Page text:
SOOT, Sydney’s New Upscale Korean BBQ & Steakhouse, Opens In Barangaroo
— Updated on 14 May 2023

SOOT, Sydney’s New Upscale Korean BBQ & Steakhouse, Opens In Barangaroo

— Updated on 14 May 2023
Chris Singh
WORDS BY
Chris Singh

Sydney’s widespread love of Korean barbecue – and Korean food in general – has never been stronger since the pandemic ended. Since 2018, KOGI in Haymarket has been one of the most popular options for Korean BBQ so the team’s new venue, SOOT, should be very well-received as it opens in Barangaroo.

Most Korean BBQ obsessives in Sydney know that the best KBBQ often means the dirtiest interiors and worst service. Yet, there’s been a recent push towards premium Korean BBQ joints, with elegant interiors and equally good food that sticks true to the authentic Korean barbecue experience. SOOT seems to play nicely into that demand, offering an elevated experience centered around the quality of premium and aged wagyu and other Australian meat cuts you wouldn’t typically expect from your typical KBBQ.

Traditionalists may be sceptical at first but KOGI’s reputation will definitely help SOOT settle into the competitive precinct. There’s a strong pedigree that sits behind the new opening as well. SOOT comes from Kolture, a newly formed Korean-focused hospitality group led by David Bae, whose father Donald was the first person to bring Korean BBQ to Australia in 1992.

“I know Korean BBQ like the back of my hand,” said Bae.

“I want to take the experience up a notch for Sydneysiders. SOOT will be more refined and not as fast-paced as your usual KBBQ. We want to take the time to educate and guide our guests on how to have the ultimate experience, showing them aspects of our cultural heritage, and Korean BBQ and drinking etiquette.”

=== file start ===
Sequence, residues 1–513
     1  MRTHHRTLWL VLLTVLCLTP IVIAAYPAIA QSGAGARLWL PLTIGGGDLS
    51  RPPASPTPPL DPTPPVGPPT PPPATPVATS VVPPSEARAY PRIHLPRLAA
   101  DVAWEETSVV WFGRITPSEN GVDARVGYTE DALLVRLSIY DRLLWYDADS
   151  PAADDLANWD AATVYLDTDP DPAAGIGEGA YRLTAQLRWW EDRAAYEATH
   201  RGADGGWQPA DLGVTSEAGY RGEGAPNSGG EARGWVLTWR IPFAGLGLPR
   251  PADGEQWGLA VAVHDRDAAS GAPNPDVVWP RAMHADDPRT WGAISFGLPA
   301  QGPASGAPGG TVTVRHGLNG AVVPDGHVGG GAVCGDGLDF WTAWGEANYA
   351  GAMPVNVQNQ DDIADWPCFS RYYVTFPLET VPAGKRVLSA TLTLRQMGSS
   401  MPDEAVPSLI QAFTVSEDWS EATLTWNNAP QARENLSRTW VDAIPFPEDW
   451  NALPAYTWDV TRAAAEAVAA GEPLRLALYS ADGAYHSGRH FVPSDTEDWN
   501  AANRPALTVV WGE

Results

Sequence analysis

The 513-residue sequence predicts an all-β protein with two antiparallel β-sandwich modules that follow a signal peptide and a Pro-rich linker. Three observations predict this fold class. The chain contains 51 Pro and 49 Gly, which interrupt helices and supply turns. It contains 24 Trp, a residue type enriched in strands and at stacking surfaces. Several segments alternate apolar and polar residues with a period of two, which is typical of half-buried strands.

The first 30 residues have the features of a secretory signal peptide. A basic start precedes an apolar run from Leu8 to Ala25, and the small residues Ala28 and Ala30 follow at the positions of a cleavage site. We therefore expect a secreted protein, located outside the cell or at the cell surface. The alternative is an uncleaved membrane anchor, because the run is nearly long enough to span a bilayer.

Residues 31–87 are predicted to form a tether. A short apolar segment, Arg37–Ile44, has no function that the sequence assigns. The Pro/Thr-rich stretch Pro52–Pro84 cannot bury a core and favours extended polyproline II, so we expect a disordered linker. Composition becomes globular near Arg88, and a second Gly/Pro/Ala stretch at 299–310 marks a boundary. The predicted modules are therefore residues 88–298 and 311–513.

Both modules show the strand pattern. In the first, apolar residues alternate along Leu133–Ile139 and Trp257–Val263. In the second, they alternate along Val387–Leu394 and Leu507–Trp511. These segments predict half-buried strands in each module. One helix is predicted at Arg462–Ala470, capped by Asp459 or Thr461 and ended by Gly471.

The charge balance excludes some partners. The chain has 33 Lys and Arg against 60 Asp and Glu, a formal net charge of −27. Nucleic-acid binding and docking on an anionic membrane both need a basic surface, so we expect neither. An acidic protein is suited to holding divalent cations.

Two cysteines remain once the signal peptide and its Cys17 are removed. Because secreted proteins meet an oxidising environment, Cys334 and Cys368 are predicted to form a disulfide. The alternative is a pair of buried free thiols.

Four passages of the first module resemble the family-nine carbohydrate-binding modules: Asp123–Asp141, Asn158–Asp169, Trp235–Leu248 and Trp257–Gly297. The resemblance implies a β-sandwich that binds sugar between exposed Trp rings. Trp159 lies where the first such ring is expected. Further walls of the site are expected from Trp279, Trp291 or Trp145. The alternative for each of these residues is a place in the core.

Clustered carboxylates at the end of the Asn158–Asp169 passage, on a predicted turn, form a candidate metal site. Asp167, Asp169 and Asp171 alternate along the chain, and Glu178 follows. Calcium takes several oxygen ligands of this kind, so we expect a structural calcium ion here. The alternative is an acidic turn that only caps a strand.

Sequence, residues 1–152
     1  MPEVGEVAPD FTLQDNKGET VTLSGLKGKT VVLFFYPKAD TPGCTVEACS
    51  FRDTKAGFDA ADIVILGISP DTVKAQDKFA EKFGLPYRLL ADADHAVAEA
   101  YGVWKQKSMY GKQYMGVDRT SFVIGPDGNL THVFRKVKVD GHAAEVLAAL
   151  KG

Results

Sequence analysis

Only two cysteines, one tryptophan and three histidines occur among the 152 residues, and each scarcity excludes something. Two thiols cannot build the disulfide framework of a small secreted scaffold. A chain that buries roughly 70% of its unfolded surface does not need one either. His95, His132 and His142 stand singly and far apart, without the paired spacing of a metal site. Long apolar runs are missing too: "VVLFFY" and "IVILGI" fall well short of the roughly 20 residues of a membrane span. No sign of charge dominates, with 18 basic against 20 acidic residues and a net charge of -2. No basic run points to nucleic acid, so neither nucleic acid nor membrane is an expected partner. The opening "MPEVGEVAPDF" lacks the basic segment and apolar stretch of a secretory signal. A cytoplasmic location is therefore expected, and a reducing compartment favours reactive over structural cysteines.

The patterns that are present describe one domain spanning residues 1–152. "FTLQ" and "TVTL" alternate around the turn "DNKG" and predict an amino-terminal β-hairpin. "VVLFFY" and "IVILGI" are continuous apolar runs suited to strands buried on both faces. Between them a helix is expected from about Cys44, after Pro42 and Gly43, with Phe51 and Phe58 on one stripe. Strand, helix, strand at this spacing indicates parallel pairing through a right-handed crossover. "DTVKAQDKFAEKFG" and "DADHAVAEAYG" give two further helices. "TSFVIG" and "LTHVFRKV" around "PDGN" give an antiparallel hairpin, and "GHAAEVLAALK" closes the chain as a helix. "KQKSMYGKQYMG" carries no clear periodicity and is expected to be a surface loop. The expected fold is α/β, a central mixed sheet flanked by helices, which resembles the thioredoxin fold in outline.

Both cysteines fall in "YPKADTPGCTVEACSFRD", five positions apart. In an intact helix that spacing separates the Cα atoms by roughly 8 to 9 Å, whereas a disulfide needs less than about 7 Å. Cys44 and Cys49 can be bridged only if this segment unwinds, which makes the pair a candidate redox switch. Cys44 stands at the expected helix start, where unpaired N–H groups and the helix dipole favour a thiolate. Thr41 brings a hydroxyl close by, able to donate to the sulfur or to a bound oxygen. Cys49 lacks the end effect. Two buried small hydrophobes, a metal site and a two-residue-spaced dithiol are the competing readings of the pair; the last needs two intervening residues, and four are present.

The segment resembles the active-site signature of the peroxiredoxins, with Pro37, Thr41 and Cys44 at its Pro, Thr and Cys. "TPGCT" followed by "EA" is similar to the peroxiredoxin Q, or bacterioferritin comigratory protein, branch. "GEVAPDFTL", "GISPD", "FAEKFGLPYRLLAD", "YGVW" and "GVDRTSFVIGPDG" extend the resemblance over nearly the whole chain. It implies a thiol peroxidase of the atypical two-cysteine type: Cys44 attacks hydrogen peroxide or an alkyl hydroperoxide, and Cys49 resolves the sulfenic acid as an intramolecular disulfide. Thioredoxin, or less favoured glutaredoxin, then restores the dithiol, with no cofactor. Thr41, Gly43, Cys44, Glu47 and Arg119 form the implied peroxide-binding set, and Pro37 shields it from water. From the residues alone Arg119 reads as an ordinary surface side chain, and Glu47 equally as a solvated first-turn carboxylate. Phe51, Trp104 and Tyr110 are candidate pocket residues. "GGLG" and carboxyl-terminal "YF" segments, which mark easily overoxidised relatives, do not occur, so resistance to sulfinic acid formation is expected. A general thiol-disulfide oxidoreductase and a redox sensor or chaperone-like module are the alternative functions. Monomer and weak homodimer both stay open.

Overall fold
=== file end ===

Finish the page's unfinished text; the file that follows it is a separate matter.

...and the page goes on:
As above, Sydneysiders are accustomed to a traditional Korean BBQ experience but there has been a push towards upscale KBBQ across the world lately. Take New York City for example. Not only are there now a multitude of Korean restaurants in the Big Apple, but you also have fast-favourites like COTE, which is fashioned as a high-end Korean steakhouse and BBQ. It seems good timing for a similar trend to spark in Sydney.

Each table at SOOT has been fitted with smokeless and odourless charcoal grills to avoid the typical after-dinner scent of smoke that one would readily associate with KBBQ. When cooking, the smoke is extracted beneath the table instead of through an exhaust hood. The difference here is that suited-up diners should be able to head on into SOOT and not come out smelling like hunks of smoked beef.

Not a single cut of beef is below MBS 7+ on the SOOT menu, which includes an MBS 9+ chuck eye roll steak, an MBS 8-9+ oyster blade steak and a special short rib galbi using Bae’s 50-year-old family recipe. Other BBQ items include marinated Kurabuta pork ribs and an assortment of seasonal vegetables you can grill as you please.

Banchan, those Korean side dishes you’d get before the meat starts coming out, will apparently change seasonally and highlight a range of pickled and fermented foods like spicy radish kimchi and bean sprouts with sesame. Elsewhere on the menu are Korean BBQ staples like seafood pancake, Korean steamed egg with sesame oil, green onion and dashi, and Korean fried chicken with sweet Gochujang sauce. There’s also a raw bar with everything from assorted sashimi to an egg scramble with pickled daikon, smoked Avruga caviar and roasted nori, as well as a range of noodle and rice dishes.

As far as what you’ll be drinking. Think Korean Ju, sake and soju worked onto an extensive list that also includes local and important wines next to Korean-flavoured cocktails like one with lychee, elderflower, pandan leaf infused Vodka, soju and prosecco.

SOOT

Address: Shop T1.05, 100 Barangaroo Avenue, Barangaroo, NSW 2000
Opening Hours: Tuesday – Saturday (5:30 PM – late)

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Chris Singh
WORDS by
Chris is a freelance Travel, Food, and Technology writer. He has had work published by The AU Review, Junkee Media and Australian Traveller Media and holds tertiary qualifications in Psychology and Sociology.

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